Abstract

Background

Large granular lymphocytic (LGL) leukemia is a clonal disease of mature cytotoxic T- or natural killer (NK)-cells, which was recently characterized by gain-of-function somatic STAT3 mutations in 40-70% of patients. Most of the T-LGL leukemia patients harbor one major Vbeta clone corresponding even up to 90% of total CD8+ T-cell population. Interestingly though, in a small proportion of T-LGL leukemia patients we have detected multiple mutations in the STAT3 gene suggesting the presence of subclones. Here, we aimed to study the clonal architecture and mutation spectrum of expanded lymphocytes with deep sequencing method and to follow the clones during immunosuppressive treatment.

Methods

DNA samples from 228 LGL leukemia patients were available for STAT3 mutation analysis. Additional flow cytometry-based sorting was done from 12 STAT3 mutation-positive patients, 6 of which had multiple STAT3 mutations in peripheral blood mononuclear cells (PBMNCs). First, frozen live PBMNCs were sorted into CD4+, CD8+ T-cell, and NK-cell fractions using antibodies for CD3, CD4, CD8, and CD16/56. Then CD8+ T-cell population was further sorted into clonal/non-clonal cells based on the flow cytometry analysis of T-cell receptor beta chain expression (Vbeta). STAT3 exon 21 was sequenced using Illumina Miseq platform with coverage aim over 10,000. The data was analyzed using an in-house bioinformatics pipeline: mutations were considered to be true if variant allele frequency (VAF) was over 1%, and false-positives were filtered out by comparing the VAF with calculated error rate of the amplicon.

Results

In total, 12/228 patients had multiple STAT3 mutations (16% of all STAT3 mutation positive cases). In all studied patients with multiple mutations (Table 1, 4 cases presented), the VAF was 30-50% in the purified major Vbeta clone suggesting that the whole population belonged to the same clone harboring a heterozygous STAT3 mutation (the clone size can be estimated to be twice the VAF). In addition to the major clone, STAT3 mutations were also discovered in smaller Vbeta expansions and in some cases in the non-clonal CD8+ population (Table 1). Interestingly, one patient diagnosed with T-LGL leukemia did not have STAT3 mutations in the major Vbeta expansion (65% of CD8+ cells) but harbored a D661Y mutation with 38% VAF in the NK-cell fraction (Patient 5 in Table 1).

The follow-up samples during the treatment were available from 4 patients. In patients 1 and 2 (Table 1), the size of the clone was unchanged during 32 and 37 months follow-up despite of the treatment with methotrexate and cyclophosphamide. In patient 3 (Table 1), the Vb7.1+ clone carrying Y640F mutation decreased from 10% to 3% of CD8+ cells, whereas the Vb5.1+ clone (D661Y) was unchanged during the methotrexate treatment. In patient 5 complete remission was achieved with cyclophosphamide treatment and that was accompanied with the disappearance of D661Y-mutated NK-cells.

Table 1

Vbeta results and variant allele frequencies (VAFs) of STAT3-mutations. The size of the mutated clone is approximately 2xVAF in the case of heterozygous mutation.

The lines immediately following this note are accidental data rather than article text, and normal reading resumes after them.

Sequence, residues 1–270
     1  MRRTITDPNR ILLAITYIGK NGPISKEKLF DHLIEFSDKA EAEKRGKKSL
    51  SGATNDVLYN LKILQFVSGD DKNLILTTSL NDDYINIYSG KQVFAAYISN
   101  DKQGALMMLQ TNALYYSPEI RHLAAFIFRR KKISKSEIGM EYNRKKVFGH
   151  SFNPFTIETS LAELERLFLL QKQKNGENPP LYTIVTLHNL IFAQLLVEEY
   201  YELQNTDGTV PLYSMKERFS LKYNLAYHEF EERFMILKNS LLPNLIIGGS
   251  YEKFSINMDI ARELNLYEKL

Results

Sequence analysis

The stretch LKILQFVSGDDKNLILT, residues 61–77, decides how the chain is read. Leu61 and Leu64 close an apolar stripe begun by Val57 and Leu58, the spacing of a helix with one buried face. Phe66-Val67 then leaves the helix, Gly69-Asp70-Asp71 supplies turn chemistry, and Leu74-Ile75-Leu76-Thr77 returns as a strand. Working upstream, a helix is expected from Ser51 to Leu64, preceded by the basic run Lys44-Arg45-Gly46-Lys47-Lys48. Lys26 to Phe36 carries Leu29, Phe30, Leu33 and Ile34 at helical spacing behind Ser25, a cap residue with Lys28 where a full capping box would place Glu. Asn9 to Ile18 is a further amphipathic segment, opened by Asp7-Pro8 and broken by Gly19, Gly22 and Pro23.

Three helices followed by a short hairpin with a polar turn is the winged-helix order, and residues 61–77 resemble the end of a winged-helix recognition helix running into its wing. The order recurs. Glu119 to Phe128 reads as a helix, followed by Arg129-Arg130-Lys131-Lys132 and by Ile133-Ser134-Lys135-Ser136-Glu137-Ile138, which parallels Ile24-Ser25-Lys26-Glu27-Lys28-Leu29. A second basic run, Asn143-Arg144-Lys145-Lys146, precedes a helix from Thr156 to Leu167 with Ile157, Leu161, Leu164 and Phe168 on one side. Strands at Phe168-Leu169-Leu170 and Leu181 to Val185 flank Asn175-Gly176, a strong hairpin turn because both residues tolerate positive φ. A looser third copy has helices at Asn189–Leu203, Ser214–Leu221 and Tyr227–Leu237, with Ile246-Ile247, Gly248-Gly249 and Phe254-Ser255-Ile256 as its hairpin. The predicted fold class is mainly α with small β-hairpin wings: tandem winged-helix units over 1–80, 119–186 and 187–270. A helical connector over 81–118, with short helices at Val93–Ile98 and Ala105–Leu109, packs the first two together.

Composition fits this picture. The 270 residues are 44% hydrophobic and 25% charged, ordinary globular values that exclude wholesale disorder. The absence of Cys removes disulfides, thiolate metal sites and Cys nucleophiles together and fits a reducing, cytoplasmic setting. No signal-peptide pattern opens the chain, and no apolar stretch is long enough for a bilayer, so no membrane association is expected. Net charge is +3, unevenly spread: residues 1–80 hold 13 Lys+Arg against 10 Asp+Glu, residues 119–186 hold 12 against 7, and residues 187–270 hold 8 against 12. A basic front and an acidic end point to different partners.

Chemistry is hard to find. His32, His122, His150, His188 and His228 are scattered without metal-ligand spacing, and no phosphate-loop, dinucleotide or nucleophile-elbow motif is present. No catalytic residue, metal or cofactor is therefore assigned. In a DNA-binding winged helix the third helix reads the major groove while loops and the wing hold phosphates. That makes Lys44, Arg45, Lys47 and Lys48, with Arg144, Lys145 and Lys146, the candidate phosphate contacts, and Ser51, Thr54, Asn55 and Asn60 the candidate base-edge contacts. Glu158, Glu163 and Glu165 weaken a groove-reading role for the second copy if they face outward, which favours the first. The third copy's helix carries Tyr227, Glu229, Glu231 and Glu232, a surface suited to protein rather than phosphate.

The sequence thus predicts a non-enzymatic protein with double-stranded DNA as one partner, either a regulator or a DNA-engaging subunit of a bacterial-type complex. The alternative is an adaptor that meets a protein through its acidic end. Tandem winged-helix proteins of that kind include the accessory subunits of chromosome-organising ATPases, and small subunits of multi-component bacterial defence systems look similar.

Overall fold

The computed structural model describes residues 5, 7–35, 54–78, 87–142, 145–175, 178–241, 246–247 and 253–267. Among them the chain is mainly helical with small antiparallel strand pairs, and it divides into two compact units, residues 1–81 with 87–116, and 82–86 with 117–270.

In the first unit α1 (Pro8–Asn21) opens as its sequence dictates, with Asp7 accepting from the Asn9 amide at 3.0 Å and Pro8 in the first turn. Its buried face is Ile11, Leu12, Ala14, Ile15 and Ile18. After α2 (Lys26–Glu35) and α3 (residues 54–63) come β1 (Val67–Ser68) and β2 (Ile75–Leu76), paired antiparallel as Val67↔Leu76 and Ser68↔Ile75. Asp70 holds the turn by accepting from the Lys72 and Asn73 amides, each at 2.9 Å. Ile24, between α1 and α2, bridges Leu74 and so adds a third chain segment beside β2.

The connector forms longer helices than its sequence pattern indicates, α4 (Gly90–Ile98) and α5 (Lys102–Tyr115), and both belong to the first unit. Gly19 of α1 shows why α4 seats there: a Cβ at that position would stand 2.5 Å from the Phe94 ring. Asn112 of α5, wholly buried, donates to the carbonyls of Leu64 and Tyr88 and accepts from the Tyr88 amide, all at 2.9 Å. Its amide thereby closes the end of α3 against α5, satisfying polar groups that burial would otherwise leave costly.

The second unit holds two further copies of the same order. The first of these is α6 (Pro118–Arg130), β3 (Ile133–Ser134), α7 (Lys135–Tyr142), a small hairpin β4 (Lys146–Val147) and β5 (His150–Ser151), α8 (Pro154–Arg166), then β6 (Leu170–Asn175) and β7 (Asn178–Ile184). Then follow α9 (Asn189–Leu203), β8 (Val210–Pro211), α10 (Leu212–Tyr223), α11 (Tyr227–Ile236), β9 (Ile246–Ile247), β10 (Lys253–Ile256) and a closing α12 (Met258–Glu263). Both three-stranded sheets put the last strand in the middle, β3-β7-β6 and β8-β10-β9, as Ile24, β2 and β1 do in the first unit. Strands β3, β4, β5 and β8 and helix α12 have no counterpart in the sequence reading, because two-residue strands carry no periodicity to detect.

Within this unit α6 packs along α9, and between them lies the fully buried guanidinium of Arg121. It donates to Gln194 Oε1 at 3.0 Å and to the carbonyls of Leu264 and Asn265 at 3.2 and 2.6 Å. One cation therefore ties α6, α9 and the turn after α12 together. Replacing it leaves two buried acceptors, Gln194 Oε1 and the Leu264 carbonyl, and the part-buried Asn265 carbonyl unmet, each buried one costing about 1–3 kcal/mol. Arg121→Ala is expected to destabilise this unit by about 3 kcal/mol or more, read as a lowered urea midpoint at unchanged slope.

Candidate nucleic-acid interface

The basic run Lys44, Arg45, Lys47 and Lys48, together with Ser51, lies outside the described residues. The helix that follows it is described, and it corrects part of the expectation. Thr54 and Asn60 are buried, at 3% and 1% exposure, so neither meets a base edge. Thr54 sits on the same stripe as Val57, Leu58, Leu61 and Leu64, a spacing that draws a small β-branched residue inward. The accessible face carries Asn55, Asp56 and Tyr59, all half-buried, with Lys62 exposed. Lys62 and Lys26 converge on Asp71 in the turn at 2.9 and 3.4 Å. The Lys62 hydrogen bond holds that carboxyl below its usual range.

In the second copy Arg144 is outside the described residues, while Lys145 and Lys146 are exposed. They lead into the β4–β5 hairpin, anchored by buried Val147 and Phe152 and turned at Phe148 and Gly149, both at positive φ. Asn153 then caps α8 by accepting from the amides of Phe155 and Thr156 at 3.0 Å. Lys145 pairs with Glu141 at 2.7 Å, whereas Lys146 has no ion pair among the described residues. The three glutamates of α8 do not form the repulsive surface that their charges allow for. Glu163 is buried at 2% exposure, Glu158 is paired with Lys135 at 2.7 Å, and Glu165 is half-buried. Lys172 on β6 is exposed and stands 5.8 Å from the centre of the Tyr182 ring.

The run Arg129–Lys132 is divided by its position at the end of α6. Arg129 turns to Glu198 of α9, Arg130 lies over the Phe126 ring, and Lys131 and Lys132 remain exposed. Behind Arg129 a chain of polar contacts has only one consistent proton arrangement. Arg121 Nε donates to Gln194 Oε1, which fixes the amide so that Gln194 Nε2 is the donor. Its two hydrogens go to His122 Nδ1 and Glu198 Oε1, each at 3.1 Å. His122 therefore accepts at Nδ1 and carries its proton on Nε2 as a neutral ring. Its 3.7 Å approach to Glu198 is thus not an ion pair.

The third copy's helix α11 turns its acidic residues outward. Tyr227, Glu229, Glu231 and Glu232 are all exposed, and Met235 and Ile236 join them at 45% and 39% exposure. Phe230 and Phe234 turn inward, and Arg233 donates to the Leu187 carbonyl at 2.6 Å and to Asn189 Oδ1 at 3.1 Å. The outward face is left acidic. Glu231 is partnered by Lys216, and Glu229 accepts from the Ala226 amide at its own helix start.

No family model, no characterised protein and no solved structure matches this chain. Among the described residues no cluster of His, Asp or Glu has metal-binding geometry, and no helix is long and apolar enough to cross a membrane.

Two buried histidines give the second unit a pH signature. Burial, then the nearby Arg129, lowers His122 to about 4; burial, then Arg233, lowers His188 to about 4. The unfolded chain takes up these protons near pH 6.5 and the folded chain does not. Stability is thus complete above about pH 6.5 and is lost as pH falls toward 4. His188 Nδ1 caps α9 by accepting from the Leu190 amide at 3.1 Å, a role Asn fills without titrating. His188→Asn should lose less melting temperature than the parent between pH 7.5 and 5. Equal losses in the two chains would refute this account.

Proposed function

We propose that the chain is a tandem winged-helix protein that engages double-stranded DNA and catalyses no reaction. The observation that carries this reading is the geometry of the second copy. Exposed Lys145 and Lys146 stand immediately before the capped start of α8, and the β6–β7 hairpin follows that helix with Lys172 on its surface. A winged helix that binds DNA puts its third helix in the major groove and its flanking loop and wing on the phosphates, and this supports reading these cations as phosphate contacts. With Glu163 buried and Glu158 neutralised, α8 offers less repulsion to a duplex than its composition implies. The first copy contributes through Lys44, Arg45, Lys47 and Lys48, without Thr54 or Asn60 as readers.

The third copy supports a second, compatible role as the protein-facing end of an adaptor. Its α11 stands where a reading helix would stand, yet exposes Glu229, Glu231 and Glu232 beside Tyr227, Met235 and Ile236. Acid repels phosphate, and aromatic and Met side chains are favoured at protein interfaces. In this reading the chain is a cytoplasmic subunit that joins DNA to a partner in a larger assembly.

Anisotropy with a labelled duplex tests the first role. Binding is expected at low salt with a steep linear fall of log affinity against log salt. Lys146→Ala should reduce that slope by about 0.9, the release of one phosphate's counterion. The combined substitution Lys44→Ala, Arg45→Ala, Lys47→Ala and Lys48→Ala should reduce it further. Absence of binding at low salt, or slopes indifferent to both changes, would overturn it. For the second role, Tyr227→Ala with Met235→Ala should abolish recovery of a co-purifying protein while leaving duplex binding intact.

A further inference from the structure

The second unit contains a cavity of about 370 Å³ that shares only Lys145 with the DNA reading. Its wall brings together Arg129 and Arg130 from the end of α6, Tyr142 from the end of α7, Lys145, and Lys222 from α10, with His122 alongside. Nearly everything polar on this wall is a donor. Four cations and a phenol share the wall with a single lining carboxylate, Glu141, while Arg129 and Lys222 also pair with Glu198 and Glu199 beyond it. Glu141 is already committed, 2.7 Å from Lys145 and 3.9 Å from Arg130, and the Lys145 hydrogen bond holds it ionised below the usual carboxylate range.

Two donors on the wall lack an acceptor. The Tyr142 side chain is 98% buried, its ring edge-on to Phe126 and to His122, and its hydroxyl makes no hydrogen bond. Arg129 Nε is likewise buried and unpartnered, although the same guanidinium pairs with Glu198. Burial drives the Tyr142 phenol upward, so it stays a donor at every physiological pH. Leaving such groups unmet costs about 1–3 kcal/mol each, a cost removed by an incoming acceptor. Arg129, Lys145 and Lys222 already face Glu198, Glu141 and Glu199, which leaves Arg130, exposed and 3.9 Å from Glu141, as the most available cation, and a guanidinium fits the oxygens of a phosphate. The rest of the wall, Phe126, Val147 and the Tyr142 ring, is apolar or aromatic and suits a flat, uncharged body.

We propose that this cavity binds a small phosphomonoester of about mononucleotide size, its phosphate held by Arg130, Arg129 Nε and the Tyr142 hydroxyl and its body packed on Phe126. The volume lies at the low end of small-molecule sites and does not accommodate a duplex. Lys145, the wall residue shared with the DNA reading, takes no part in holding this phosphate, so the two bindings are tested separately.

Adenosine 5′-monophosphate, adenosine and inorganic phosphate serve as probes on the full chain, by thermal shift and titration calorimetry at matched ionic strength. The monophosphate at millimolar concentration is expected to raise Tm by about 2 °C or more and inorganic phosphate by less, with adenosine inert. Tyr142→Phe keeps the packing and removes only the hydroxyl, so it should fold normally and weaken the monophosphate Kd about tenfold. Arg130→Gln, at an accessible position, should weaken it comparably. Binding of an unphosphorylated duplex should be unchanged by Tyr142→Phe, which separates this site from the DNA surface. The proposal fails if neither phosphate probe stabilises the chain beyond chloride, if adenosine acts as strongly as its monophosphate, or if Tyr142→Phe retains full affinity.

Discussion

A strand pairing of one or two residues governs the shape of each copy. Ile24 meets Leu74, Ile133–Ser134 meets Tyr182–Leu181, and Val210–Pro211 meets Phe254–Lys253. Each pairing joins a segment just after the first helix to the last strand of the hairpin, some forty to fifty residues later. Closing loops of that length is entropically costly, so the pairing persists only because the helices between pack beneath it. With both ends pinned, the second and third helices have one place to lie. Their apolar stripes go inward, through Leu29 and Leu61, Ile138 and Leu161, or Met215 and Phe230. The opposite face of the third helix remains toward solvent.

Pat.
No 
Vbeta (% of CD8+) PB MNC CD3+CD8+Vb+ CD3+CD8+Vbneg CD3negCD16/56+ 
Vb13.6 (96%) D661Y 38%, D661V 1% D661Y 47% D661V 17% N/A 
Vb3 (90%) Y640F 42%, I659L 1% Y640F 49% I659L 20% N/A 
Vb7.1 (13%) Vb5.1 (3%) Y640F 1%, D661Y 2%, D661V 2% Vb7.1: Y640F 35%
Vb5.1: D661Y 33% 
Vb7.1neg: D661Y 6%, D661V 3%, N647Y 5%
Vb5.1neg: Y640F 1%, D661V 4%, N647Y 2% 
No mutations 
Vb16 (50%) Vb13.6 (11%) D661V 6% Vb16: D661V 41%
Vb13.6: D661Y 11% 
Vb16neg: D661Y 4%
Vb13.6neg: D661V 26% 
N/A 
Vb20 (65%) D661Y 6% No mutations No mutations D661Y 38% 
Pat.
No 
Vbeta (% of CD8+) PB MNC CD3+CD8+Vb+ CD3+CD8+Vbneg CD3negCD16/56+ 
Vb13.6 (96%) D661Y 38%, D661V 1% D661Y 47% D661V 17% N/A 
Vb3 (90%) Y640F 42%, I659L 1% Y640F 49% I659L 20% N/A 
Vb7.1 (13%) Vb5.1 (3%) Y640F 1%, D661Y 2%, D661V 2% Vb7.1: Y640F 35%
Vb5.1: D661Y 33% 
Vb7.1neg: D661Y 6%, D661V 3%, N647Y 5%
Vb5.1neg: Y640F 1%, D661V 4%, N647Y 2% 
No mutations 
Vb16 (50%) Vb13.6 (11%) D661V 6% Vb16: D661V 41%
Vb13.6: D661Y 11% 
Vb16neg: D661Y 4%
Vb13.6neg: D661V 26% 
N/A 
Vb20 (65%) D661Y 6% No mutations No mutations D661Y 38% 
Discussion

Our preliminary results provide evidence that the STAT3 mutations are not only restricted to the significantly expanded lymphocyte clone in LGL leukemia patients, but they can also be found in smaller subclones mimicking the situation in acute leukemia. The actual cause of the mutations is unknown, but the results suggest the presence of a strong initial immune activation, which predisposes existing lymphocyte clones to somatic mutagenesis during cell proliferation. Considering the effects of treatment on STAT3-mutated clones, the only complete remission seen was connected to the disappearance of the mutated clone, which warrants STAT3-inhibitor trials in the future.

Disclosures:

Porkka:BMS: Consultancy, Research Funding, Speakers Bureau; Novartis: Consultancy, Research Funding, Speakers Bureau. Maciejewski:NIH: Research Funding; Aplastic anemia&MDS International Foundation: Research Funding. Mustjoki:Novartis: Consultancy, Speakers Bureau; BMS: Consultancy, Speakers Bureau.

Author notes

*

Asterisk with author names denotes non-ASH members.